This doesn’t stop many Democrats from practicing demagoguery: claiming that the Republicans want to deprive poor children of sustenance and hurt old and young women with their budget.

Slamming the responsible Republican plan to shrink the nation’s $14.3 trillion debt, Obama April 13 blustered: “There’s nothing serious about a [budget reduction] plan that claims to reduce the deficit by spending a trillion dollars on tax cuts for millionaires and billionaires.” That was his rude contention in his speech as his purported and distorted response to the debt crisis.

Speaking as if he were the purveyor of all truths, Obama declared:

“In December, I agreed to extend the tax cuts for the wealthiest Americans because it was the only way I could prevent a tax hike on middle class Americans. But we cannot afford a trillion worth of tax cuts for every millionaire and billionaire in our society. And I refuse to renew them again.” His lower lip curled down in defiance.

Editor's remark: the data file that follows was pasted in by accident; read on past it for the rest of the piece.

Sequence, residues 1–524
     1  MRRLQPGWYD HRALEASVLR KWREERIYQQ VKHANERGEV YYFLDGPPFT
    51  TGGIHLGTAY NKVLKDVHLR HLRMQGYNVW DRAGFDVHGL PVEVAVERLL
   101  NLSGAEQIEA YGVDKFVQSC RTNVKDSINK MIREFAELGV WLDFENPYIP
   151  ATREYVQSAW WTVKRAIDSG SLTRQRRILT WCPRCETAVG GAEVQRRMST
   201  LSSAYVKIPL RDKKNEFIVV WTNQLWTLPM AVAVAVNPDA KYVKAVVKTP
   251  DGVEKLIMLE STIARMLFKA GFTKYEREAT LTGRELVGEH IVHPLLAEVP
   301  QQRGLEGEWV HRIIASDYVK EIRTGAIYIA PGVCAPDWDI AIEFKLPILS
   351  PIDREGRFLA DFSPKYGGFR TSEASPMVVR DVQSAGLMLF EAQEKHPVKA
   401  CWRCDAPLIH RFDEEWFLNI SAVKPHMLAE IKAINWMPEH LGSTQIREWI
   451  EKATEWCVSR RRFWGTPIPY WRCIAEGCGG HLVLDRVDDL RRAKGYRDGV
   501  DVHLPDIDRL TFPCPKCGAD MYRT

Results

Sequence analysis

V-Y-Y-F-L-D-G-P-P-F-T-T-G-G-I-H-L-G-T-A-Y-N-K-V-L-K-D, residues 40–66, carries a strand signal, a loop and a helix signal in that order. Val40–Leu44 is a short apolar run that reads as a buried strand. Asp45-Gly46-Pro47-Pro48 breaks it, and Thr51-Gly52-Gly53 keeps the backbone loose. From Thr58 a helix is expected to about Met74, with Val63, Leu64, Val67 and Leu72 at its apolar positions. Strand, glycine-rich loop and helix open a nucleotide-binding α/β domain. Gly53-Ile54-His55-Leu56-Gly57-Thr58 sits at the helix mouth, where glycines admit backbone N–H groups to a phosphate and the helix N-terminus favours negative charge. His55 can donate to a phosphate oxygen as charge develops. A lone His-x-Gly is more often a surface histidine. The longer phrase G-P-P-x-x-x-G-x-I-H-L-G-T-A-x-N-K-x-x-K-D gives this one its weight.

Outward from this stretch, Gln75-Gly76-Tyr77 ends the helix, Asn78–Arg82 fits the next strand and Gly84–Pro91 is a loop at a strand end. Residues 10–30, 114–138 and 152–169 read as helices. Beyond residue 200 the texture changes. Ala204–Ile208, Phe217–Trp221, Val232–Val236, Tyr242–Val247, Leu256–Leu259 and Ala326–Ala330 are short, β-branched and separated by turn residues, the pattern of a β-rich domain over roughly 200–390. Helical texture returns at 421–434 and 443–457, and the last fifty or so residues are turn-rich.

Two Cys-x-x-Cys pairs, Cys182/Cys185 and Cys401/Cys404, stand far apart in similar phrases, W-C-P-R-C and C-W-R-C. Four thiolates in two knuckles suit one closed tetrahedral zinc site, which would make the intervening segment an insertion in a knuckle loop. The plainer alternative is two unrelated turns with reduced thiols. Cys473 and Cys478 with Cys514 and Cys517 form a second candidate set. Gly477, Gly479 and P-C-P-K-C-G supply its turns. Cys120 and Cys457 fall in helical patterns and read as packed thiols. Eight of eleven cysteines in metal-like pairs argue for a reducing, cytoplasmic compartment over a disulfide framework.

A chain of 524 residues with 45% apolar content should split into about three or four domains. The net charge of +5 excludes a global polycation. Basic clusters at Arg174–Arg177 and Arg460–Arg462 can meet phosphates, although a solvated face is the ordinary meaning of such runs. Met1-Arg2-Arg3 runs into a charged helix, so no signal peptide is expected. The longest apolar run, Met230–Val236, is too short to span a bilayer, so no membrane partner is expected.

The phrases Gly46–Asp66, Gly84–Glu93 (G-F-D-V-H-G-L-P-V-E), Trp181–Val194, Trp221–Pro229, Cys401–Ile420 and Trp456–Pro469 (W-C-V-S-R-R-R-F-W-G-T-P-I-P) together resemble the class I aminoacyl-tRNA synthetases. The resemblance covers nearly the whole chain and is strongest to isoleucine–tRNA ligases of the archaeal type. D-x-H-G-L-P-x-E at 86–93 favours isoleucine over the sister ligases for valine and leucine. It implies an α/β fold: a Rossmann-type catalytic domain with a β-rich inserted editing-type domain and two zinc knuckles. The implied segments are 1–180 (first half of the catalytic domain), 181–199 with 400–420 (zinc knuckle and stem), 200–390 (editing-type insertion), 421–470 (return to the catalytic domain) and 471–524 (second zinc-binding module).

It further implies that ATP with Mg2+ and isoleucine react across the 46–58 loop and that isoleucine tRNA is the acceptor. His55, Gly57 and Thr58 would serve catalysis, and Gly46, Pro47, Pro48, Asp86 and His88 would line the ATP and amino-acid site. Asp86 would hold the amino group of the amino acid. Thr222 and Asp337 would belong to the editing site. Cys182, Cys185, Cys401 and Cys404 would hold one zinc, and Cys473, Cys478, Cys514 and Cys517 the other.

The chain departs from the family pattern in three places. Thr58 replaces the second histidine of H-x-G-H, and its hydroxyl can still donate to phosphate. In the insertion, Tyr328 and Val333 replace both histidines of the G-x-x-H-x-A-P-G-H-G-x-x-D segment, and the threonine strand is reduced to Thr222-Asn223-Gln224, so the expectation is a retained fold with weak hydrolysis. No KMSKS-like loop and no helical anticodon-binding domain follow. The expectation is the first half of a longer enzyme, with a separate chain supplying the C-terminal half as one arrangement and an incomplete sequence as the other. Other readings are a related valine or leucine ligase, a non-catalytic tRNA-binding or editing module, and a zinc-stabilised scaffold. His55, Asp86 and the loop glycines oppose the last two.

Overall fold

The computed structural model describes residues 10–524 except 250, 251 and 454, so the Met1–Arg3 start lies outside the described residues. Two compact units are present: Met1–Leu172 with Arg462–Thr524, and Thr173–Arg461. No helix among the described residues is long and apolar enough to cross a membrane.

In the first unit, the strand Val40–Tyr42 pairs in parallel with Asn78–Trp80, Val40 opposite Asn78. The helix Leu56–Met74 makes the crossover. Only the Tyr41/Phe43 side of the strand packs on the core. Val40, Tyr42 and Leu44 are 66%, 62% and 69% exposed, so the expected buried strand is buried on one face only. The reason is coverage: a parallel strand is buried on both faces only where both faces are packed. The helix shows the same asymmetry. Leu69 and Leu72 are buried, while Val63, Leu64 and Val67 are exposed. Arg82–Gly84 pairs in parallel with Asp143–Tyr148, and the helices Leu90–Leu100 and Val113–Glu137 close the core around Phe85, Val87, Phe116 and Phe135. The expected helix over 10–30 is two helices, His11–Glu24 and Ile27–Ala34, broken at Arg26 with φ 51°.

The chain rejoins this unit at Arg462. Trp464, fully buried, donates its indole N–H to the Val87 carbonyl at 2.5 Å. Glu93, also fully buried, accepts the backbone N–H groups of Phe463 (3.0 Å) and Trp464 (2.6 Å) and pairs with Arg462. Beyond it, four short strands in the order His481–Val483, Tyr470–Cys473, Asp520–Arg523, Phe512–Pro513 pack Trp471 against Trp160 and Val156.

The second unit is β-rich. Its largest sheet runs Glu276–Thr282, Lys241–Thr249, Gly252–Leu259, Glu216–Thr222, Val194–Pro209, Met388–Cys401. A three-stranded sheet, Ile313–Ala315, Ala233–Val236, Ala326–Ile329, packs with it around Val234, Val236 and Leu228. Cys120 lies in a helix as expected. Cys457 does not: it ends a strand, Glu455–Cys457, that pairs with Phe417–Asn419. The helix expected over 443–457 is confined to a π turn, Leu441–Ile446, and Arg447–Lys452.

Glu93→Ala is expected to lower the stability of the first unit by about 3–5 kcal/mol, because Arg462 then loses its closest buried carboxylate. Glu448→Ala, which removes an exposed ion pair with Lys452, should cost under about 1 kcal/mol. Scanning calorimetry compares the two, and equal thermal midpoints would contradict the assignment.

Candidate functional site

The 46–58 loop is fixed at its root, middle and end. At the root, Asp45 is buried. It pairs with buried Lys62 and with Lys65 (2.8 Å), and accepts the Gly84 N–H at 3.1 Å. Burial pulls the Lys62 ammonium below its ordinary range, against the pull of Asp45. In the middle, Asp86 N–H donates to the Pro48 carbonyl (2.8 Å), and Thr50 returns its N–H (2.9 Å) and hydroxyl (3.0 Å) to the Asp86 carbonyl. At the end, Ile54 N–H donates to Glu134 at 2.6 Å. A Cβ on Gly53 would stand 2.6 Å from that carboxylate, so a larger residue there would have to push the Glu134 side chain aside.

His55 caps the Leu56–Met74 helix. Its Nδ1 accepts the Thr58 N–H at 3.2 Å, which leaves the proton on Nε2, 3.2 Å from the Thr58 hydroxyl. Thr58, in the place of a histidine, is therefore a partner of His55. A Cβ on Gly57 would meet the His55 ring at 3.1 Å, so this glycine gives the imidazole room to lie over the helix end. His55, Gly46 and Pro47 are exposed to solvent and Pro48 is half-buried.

The president implored citizens to understand that — like a trapped animal — he was forced to go along with those wanting to preserve the tax cuts in order to be the heroic protector to the middle class. The fact is, the agreement was only to continue those same existing tax rates for two more years. No new tax cuts were given to millionaires or billionaires.